Remember, these forms can vary by state, so it's crucial to obtain the correct ones. For example, in Georgia, multiple forms and instructions are available online. Here, you must list out the reasons you’re asking for an expungement and how you qualify. In Missouri, you only provide your criminal record information on the online form. Texas requires you to pick up the paperwork in person. Your state’s petition process will be on their DOJ website.

(Image Source)

Filing the expungement petition is one of the hardest parts of the process but it’s worth it in the end. Often there’s a waiting period prior to submitting the petition, depending on the nature of the crime. Make sure you check the paperwork carefully. Missing information or improper filing can cause delays or even stop the petition process.

Step 3: the review period

After filing your petition, it enters a review period during which a judge assesses your request. This waiting period can range from a few weeks to several months, depending on factors like the complexity of your case and the court's workload. Patience is key during this stage.

You may also need to attend a hearing to present your case — think of this as an opportunity to show the strides you've made since your past offenses. Practice stating why you’re requesting an expungement.

Step 4: receiving the order of expungement

If your petition is accepted, the court will issue an Order of Expungement — an official document confirming your record has been deleted from the database. Remember to safely store this document, as it's proof of your expunged record.

The journey to expungement may seem daunting, but by breaking it down into these actionable steps, the process becomes more approachable and manageable. Your commitment to this path is more than just about clearing your record — it's about creating opportunities for a promising future.

Can you expunge records yourself?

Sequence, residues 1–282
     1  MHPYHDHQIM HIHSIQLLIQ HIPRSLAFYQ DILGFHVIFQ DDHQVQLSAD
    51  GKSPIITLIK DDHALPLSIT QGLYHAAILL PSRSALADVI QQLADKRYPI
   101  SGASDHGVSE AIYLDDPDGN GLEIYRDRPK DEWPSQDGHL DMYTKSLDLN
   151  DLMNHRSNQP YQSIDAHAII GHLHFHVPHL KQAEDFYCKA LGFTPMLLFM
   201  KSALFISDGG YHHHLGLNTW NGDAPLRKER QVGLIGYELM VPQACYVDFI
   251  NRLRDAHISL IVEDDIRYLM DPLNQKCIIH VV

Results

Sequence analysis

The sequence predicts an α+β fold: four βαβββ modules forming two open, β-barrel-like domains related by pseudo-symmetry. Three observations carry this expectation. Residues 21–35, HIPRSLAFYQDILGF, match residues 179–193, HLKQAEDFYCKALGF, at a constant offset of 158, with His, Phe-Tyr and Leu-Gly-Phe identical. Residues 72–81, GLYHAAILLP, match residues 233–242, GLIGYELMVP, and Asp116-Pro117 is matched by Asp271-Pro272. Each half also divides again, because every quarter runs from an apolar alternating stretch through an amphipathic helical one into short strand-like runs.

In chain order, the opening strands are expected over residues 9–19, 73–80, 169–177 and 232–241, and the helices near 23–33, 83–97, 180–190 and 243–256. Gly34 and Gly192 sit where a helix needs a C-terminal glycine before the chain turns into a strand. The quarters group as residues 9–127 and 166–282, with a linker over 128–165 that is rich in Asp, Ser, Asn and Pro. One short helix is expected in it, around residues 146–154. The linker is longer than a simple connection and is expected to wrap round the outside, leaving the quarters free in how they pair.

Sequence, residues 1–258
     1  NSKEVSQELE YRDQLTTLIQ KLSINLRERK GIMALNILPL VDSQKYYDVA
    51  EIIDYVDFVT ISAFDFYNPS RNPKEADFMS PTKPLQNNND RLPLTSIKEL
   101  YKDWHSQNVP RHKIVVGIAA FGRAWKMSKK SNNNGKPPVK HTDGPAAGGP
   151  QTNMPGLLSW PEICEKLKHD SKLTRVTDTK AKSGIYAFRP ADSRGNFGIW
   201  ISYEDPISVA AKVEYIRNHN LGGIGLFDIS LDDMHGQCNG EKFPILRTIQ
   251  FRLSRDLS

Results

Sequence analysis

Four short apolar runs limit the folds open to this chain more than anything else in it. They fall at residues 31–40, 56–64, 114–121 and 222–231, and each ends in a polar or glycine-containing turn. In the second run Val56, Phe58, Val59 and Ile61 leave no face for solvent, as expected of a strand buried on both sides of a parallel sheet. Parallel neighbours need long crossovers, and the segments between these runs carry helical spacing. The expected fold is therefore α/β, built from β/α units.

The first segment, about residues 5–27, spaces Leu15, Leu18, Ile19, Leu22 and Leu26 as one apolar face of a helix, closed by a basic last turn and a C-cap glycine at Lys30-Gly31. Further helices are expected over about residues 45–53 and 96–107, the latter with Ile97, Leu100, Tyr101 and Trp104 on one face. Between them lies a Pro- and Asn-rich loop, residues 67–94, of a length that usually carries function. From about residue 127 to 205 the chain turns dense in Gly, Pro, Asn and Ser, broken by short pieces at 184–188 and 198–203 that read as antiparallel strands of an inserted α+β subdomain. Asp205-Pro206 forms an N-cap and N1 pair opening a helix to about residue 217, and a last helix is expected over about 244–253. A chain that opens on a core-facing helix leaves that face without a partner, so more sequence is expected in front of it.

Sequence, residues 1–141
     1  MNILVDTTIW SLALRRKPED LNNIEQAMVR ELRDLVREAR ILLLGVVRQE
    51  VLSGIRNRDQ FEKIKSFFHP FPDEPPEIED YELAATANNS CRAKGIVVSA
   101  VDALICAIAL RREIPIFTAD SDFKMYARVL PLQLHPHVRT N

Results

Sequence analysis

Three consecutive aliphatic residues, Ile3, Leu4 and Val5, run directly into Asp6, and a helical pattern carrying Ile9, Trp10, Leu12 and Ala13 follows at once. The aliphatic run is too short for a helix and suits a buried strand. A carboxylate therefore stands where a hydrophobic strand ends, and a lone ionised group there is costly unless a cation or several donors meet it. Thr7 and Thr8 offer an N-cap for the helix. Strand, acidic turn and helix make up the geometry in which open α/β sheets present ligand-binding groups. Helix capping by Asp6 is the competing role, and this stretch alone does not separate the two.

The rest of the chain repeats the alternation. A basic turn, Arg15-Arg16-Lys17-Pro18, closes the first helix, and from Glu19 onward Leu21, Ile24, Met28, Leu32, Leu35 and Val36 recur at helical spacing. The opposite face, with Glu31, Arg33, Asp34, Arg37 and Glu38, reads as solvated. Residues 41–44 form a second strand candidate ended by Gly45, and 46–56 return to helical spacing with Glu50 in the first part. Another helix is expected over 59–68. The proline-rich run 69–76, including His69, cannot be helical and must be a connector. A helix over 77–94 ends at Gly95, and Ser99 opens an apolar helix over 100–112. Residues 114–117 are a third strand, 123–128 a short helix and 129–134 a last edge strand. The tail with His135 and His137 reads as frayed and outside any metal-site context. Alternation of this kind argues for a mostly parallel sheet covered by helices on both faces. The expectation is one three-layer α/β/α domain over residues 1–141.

While a lawyer can help navigate the twists and turns, they’re not a must-have. Depending on the amount of time you’re able to put into the process, a lawyer may not be necessary. However, if at any time you feel like the process is confusing, reach out for legal advice from a professional.

(Image Source)

The idea of hiring a lawyer can seem costly. However, the right lawyer can save you time and money in the long run. Make sure that you ask questions about the potential lawyer’s experience, for a fee quote, and if they have a money-back guarantee. These questions can help you find a qualified lawyer without hidden fees.

Embracing the job market after expungement

With your record now expunged, it's time to gear up and step into the job market with newfound optimism. Here are actionable steps to make the most out of your job search:

  • Refine your resume — Highlight the skills and experiences that make you a valuable candidate. Consider using a functional resume that focuses on both the required skills and the soft skills that you've acquired over the years. A functional resume can also help you smooth over gaps in your employment history.

(Image Source)

  • Job hunting with confidence — With an expunged record, you can confidently apply for roles and no longer worry about the “criminal record'” checkbox on job applications. Consider leveraging job search websites like Jobcase to research openings in your desired field.

  • Work on your interviewing skills — Most people get the jitters right before an interview. Check out common questions, along with tips to ace the interview. And practice your responses. Consider any questions that you might have for the employer, too. Remember, your record has been expunged, so there’s no need to discuss that part of your past.

  • Continue personal growth — There’s no doubt you’ve already worked hard to get where you are. Now that more opportunities are open to you, it’s a great time to gain the skills required for new careers. Whether you search for training programs, take online courses, or even spend time volunteering, you’re adding to your employability and to your overall well-being.

You’ve learned a lot as you’ve navigated how to expunge records, and you’ve come a long way. It’s time to walk into your next career phase with confidence.

The next chapter awaits

From the get-go, embarking on the journey of expungement can feel like an uphill battle. But here you are, more equipped than when you started. You now know how to get your criminal record, how to file an expungement petition, and what to expect during the waiting period.

This process isn't just about removing a blemish from your past; it's about creating an open door for a new future.

With your strength and the resources available at Jobcase, the path to a brighter future is clear.



There are no comments yet. Be the first to comment.